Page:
Diet and Exercise as Regulators of Lipid Risk Factors
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Comparisons of different countries have shown that populations with a low dietary intake of saturated fat also have a low mortality from coronary heart disease. Controlledfeeding experiments have shown that the potential for altering plasma cholesterol levels and, consequently, altering the risk of coronary heart disease by dietary modification is great. However, in practice the influence of dietary advice to the general population on plasma cholesterol levels has been less pronounced.
Several investigators have shown that by decreasing the intake of saturated fats and dietary cholesterol and increasing the intake of polyunsaturated fats and foods providing soluble fibre, plasma cholesterol levels can be reduced by up to 29% and low density lipoprotein (LDL)-cholesterol by over 33%. In most studies, levels of high density lipoprotein (HDL)-cholesterol are not materially altered by modern lipid-lowering diets; generally, plasma levels are maintained, or increased after correction of overweight is achieved. It has been calculated that the risk of fatal coronary heart disease is 32% lower in subjects consuming such a diet than in those following a typical American diet, and life expectancy is 5 years greater in the former group. Life expectancy is also 2 to 3 years longer in populations habitually following low fat diets than in Western populations.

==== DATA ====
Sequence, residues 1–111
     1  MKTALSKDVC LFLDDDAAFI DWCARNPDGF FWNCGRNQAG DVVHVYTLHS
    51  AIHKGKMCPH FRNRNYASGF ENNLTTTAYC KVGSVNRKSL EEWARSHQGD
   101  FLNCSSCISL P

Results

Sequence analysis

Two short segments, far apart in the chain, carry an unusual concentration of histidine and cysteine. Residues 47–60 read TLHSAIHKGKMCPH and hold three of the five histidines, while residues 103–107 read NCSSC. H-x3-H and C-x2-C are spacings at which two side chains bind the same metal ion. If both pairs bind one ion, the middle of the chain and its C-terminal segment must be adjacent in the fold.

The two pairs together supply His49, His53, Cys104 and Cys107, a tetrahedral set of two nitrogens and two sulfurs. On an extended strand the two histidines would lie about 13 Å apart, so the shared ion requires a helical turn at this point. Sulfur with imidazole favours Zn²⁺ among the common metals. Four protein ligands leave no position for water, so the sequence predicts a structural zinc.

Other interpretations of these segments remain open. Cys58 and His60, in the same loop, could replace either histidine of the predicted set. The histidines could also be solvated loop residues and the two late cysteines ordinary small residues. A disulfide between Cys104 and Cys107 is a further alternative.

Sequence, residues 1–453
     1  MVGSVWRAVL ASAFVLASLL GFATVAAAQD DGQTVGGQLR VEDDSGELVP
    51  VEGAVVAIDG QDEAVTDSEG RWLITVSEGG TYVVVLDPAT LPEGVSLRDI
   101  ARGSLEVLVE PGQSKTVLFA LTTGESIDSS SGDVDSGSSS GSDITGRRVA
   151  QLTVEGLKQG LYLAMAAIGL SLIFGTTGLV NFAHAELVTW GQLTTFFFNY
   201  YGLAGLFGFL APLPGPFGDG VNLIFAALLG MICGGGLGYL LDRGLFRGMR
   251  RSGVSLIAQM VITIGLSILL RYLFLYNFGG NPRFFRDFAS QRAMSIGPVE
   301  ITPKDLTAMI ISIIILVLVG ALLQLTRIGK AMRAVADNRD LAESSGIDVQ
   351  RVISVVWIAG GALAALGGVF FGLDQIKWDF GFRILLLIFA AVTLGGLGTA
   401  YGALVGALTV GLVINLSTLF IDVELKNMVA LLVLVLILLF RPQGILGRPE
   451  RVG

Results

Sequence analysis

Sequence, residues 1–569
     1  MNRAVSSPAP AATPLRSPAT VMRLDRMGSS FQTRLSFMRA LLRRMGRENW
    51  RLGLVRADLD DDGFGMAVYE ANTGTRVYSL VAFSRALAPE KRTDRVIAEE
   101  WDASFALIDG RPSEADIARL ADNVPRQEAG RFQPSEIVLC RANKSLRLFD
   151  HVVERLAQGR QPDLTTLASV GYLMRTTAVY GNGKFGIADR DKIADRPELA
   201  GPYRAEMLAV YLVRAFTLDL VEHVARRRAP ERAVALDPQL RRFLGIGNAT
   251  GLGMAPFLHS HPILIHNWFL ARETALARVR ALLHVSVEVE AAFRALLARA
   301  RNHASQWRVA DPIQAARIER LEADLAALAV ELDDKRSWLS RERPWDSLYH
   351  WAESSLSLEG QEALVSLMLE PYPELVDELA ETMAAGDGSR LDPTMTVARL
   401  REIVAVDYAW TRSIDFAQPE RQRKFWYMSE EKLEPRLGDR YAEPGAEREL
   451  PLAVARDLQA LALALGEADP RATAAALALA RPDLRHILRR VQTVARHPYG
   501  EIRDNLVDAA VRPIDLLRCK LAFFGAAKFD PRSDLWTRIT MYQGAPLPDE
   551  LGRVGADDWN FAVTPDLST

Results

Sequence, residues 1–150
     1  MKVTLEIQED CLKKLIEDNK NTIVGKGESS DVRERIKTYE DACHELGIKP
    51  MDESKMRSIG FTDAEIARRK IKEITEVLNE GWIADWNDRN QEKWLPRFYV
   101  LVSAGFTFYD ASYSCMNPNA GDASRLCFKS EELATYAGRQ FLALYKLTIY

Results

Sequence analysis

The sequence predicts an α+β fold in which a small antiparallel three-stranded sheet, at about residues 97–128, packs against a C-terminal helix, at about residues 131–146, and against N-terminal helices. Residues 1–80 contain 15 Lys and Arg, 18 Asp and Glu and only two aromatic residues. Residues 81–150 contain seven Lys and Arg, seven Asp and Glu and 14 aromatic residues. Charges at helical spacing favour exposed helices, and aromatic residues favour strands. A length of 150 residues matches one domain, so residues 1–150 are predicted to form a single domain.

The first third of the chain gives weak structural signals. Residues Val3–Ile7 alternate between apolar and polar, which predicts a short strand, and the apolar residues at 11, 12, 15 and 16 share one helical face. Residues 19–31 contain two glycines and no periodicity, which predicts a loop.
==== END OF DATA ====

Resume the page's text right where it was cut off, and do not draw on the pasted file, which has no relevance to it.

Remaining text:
Frequent exercise has been inversely related to risk of coronary heart disease. Physically active individuals have a more favourable lipoprotein profile than sedentary individuals but the extent of a direct effect of exercise on lipoprotein levels is not known.
KeywordsCoronary Heart Disease High Density Lipoprotein Plasma Cholesterol Dietary Cholesterol Plasma Cholesterol Level
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